So I propose that we do ‘know’ that there are things we don’t know. So we know of the existence of uncertainty which is beyond our current understanding. Then the question in terms of your challenge becomes can we measure how much we don’t know. From another angle, it becomes can we measure how much we do know. I presume not because that would imply the contradiction that we already know what the ultimate 100 % truth is to compare our current level of understanding against.

        To give a different perspective to it; say in a group of shamanic exorcists. When in their view a person becomes possessed by a demon they may be able to have some degree of inclination (measurement) whether it is Demon A as opposed to Demon B, C, and D that has possessed the body. They may not be 100% sure and hence there is some uncertainty and yes they could give a crude estimate of that uncertainty. That’s all good. But then what if they come to learn that actually, demons didn’t even exist and it was something else entirely which was causing those behaviors.

        With regards to the existence measurement issue. Are we going to substitute measurement for all instances of knowledge? I would expect measurement to include something like degrees or inclination or gradations etc. i.e. something to quantify. Can I say I can measure that I exist? the question naturally would be against what? Non-existence? But I can never know of non-existence so how can I measure anything against it? Can I say that I can measure that I exist to a certain level/degree etc. ?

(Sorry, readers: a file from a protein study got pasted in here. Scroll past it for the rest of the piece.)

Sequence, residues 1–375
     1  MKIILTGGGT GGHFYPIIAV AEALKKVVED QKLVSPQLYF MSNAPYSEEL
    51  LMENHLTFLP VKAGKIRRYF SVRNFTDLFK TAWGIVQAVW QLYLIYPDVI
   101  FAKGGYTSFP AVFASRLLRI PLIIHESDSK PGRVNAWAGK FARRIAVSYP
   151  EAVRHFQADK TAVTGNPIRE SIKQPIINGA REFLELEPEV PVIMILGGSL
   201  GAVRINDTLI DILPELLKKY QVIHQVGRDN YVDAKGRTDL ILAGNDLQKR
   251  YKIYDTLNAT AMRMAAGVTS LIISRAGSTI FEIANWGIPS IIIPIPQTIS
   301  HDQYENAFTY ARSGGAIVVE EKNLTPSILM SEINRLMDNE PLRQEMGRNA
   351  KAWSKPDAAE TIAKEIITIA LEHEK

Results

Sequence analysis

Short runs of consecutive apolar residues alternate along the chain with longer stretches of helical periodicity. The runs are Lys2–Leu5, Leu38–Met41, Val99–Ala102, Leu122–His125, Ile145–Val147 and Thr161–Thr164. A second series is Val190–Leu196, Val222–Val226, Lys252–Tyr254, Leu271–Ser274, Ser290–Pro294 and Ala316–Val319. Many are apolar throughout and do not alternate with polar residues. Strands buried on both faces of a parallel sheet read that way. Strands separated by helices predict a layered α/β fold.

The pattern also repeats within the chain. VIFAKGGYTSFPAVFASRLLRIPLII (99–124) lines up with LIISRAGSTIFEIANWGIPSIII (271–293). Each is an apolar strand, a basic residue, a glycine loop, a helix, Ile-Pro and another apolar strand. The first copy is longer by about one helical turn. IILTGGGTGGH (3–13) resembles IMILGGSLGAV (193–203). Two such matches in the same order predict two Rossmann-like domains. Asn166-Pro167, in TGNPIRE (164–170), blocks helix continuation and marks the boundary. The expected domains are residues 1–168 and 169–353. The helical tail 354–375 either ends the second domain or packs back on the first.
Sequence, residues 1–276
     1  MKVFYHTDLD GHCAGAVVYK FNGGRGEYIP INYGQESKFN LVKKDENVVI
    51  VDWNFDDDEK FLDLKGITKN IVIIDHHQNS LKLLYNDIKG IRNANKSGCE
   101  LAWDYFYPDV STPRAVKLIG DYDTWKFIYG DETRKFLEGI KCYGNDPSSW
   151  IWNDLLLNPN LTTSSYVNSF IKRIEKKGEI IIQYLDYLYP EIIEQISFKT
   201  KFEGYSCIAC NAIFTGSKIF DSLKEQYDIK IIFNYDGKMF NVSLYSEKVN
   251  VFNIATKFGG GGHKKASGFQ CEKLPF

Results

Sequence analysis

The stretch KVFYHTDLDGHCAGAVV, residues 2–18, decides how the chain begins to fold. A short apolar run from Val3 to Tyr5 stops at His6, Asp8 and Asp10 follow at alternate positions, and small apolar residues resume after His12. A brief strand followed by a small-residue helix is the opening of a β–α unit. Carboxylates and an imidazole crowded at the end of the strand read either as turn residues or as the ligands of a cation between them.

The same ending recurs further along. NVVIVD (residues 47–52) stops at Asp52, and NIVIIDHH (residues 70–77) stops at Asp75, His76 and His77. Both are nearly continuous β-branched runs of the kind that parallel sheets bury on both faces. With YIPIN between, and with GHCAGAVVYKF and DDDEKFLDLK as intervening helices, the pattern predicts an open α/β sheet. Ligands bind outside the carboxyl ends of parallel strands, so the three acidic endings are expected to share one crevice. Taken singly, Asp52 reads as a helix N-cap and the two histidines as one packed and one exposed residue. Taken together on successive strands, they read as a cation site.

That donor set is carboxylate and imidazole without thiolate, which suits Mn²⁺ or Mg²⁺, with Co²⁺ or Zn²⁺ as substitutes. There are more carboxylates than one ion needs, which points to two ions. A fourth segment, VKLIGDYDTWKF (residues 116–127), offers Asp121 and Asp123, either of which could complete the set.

If I say that I know non-existence exists it sounds like a contradiction.

        Does my measuring my own existence reduce some uncertainty? I would say no because none existed, to begin with.

        Liked by 1 person

        • I think Hubbard would argue that any reduction in uncertainty is a measurement. (And yes, he gets that from the Shannon definition of information.) The problem with the demon example is that the shamans never knew what they were dealing with in the first place.

          Maybe a better one is if I mention a historical person who you’ve never heard of and ask you to guess how long that person lived. Your initial reaction is you have no idea, but if they were famous, the probability that they died in infancy or even early childhood seems slight, and the probability that they lived more than 108 years also seems remote. So by eliminating the absurdities, we can reduce our uncertainty, which by Hubbard’s definition is measurement. That said, I’m not sure myself how convinced I am by that argument.